rocks and water in forest
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Intern Experience: Appreciating the “evolutionary cleverness” of tree hydraulics

Andressa Viol is a senior at Rice University majoring in ecology and evolution.  Her focus has been on animal biology, and her interest specifically lies in herpetology.  In her recent Research Experience for Undergraduates with SERC’s Quantitative Ecology Lab, however, she turned her attention to tree vessels. Andressa described the focus of her internship as “turning black and white microscope images into numbers” – that is, to create and administer a protocol to identify the quantity and area of vessels present in micro-cores from American beech and tulip poplar samples that Jess Shue, Biological Science Technician, collected from SERC’s 16-ha plot in 2014.  Such data contributes to better understanding of how drought impacts trees, which, in turn, strengthens the representation of forests in global models. 

Photo caption below.
A zoomed-out slice of what’s inside a tree.  The rough edges are the edges of the bark.  The holes are the vessels, running lengthwise out of the image.  Photo Credit: Jess Shue
Photo caption below.
A black-and-white rendition of a portion of the above image.  This is the type of image that Andressa used to gather metrics, including the number of vessels present and the area of said vessels.  Photo credit: Jess Shue

Because of the global pandemic, Andressa’s internship had to adapt from an in-person to a remote experience. This necessitated a shift from a field-based focus to a computational one.  Recognizing that forest ecology was a new area of study for Andressa, her advisor, Sean McMahon (ForestGEO Temperate Program Coordinator) suggested she do some reading to orient herself in this new field and contextualize her vessel quantification work.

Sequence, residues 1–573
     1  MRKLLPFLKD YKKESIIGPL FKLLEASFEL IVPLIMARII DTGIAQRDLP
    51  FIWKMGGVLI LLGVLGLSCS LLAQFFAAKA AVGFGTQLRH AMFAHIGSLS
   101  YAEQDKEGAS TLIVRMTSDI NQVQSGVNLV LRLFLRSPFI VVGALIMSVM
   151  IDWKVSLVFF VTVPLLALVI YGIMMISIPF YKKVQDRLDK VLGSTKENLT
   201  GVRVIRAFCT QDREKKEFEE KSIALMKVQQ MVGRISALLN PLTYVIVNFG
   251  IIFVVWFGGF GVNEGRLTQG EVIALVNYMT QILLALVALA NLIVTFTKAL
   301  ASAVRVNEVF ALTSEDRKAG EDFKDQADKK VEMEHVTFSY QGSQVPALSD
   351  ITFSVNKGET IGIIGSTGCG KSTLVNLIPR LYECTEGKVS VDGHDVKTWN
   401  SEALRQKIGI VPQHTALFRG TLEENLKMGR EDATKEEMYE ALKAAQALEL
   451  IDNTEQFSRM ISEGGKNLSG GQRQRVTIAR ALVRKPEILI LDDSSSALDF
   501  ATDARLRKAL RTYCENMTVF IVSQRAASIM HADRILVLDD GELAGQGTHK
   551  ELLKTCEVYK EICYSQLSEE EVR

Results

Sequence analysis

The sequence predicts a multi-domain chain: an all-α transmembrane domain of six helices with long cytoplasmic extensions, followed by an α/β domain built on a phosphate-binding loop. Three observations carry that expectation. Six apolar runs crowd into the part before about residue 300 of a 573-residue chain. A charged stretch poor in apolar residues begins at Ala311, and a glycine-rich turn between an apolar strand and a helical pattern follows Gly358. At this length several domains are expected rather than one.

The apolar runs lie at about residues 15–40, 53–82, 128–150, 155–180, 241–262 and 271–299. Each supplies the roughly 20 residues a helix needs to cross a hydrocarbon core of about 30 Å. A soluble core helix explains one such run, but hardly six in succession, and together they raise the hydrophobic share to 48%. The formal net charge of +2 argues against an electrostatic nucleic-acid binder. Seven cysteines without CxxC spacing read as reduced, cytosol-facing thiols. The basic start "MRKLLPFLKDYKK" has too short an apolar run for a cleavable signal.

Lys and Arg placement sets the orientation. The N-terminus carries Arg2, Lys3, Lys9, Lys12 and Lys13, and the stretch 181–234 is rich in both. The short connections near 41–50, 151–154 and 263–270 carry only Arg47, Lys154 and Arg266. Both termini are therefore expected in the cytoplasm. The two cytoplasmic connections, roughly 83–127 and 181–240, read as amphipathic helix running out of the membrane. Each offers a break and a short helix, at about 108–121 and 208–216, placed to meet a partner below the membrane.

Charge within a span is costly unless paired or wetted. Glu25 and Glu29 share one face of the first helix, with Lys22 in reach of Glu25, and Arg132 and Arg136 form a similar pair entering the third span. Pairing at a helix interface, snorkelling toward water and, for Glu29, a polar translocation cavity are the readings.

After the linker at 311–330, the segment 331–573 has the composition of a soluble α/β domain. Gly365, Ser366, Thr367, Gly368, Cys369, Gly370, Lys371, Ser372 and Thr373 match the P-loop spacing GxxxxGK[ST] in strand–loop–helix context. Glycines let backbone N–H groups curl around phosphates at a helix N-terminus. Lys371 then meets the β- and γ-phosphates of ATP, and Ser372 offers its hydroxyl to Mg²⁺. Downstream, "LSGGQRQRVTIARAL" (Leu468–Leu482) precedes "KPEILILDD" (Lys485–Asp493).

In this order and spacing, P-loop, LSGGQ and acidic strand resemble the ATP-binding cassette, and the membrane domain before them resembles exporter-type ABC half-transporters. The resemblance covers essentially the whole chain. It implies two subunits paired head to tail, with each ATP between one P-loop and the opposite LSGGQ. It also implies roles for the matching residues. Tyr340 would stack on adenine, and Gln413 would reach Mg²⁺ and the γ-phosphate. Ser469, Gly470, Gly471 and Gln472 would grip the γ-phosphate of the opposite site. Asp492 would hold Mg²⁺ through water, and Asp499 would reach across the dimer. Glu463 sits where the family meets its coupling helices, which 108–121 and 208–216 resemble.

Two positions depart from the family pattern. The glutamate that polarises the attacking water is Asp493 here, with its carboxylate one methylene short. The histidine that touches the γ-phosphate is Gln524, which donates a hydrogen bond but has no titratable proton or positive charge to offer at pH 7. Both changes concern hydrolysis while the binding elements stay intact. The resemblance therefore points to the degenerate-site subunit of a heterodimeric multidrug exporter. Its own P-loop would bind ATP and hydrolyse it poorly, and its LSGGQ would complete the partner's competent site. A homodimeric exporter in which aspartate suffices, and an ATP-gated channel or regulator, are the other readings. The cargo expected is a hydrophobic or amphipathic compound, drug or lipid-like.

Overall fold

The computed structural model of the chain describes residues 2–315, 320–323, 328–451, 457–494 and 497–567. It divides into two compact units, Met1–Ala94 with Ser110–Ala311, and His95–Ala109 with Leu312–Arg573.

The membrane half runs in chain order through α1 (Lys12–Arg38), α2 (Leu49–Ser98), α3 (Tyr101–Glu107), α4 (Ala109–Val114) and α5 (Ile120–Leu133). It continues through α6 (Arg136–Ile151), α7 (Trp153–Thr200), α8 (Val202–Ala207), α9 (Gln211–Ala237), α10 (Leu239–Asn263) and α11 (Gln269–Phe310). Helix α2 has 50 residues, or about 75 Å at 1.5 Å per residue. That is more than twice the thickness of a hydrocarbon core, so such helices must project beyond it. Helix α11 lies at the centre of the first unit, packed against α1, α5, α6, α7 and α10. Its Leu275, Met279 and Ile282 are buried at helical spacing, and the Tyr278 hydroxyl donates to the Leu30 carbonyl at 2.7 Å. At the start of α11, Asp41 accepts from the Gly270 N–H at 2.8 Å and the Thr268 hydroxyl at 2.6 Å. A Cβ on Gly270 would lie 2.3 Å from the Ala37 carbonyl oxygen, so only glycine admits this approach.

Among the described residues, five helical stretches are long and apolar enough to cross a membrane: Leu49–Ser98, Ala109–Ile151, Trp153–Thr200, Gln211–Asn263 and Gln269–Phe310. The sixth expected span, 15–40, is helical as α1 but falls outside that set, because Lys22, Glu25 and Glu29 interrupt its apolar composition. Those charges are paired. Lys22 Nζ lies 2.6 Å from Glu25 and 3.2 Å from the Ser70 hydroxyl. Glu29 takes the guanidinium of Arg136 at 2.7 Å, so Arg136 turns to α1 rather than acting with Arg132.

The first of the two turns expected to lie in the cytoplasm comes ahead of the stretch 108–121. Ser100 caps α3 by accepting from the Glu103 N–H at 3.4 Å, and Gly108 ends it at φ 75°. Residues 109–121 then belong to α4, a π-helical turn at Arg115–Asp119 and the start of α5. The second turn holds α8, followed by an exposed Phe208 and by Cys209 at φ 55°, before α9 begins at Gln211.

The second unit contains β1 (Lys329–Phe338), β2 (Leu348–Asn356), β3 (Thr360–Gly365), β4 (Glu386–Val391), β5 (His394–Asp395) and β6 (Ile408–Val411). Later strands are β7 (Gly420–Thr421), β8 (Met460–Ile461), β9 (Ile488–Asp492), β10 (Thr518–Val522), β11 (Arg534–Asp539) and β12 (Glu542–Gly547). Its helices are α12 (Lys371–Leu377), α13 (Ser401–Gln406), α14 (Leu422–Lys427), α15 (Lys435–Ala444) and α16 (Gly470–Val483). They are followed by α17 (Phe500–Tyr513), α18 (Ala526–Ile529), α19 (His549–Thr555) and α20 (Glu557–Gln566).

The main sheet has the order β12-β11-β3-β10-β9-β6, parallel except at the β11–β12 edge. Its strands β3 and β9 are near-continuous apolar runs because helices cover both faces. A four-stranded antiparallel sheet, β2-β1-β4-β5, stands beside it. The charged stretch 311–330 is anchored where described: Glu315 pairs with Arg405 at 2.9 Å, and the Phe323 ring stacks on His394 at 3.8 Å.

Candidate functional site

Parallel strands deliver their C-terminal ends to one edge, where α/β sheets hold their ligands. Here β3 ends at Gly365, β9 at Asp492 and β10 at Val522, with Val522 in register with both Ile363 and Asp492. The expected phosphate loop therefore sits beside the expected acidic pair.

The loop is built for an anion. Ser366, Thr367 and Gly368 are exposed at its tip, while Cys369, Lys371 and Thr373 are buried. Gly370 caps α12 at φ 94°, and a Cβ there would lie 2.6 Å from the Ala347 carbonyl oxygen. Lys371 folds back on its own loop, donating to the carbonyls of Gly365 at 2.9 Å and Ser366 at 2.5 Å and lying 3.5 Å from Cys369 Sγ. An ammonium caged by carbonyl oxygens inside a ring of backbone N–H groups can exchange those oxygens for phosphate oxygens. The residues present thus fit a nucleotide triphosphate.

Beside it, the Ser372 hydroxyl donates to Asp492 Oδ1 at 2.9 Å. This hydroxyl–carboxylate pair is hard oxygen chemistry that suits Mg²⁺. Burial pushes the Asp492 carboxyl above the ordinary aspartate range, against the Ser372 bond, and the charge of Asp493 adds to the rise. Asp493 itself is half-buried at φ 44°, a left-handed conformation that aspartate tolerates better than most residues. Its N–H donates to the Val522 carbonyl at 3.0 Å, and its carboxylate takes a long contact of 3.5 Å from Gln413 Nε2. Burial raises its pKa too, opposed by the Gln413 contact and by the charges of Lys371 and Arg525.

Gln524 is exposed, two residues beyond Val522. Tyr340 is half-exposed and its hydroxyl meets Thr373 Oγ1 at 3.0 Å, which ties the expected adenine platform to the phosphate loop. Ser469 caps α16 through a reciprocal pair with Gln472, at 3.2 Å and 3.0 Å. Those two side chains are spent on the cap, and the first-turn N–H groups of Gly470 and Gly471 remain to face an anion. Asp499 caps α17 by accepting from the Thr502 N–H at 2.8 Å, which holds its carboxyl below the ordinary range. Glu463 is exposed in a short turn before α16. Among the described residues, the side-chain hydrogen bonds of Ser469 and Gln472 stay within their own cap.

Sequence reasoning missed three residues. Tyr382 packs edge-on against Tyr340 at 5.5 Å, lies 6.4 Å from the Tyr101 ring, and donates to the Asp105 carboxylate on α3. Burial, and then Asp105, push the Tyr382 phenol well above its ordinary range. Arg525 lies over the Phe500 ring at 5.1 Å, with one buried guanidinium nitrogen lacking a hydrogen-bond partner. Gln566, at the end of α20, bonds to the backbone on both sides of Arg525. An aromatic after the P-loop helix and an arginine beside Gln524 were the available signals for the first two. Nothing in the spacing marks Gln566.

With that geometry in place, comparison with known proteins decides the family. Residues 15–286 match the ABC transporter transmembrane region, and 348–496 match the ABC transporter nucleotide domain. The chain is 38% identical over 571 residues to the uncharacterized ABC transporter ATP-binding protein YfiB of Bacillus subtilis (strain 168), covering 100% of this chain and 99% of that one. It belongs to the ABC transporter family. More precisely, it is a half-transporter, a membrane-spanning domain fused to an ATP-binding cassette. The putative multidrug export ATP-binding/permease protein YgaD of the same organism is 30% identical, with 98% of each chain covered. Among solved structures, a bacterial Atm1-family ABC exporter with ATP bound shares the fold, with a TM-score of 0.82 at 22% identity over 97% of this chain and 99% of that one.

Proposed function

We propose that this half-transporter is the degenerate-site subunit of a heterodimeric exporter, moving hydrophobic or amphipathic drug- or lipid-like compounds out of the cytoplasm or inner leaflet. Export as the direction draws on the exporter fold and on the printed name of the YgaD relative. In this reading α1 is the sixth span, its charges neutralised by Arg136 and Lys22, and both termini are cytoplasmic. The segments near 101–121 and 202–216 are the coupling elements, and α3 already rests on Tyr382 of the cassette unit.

With this guidance, Andressa started reviewing AP Biology textbooks for the basics and made her way to reading primary literature on a topic that caught her wholly by surprise – hydraulics.  She noted that trees possess an “evolutionary cleverness that’s amazing to witness” and was so captivated by trees’ unique capacity to transport water that she created a three-minute video full of pithy questions, whiteboard drawings, and substantive scientific explanations.


Eight colors of marker, three hours to draw, and one rather captivating video on the science of tree hydraulics. 

Reflecting on her internship, Andressa observed that its computational focus expanded her sense of what constitutes ecology.  She has a new appreciation for the labor of daily analysis and observed that it is capable of revealing “trends that are not visible in the field.”  We couldn’t agree more.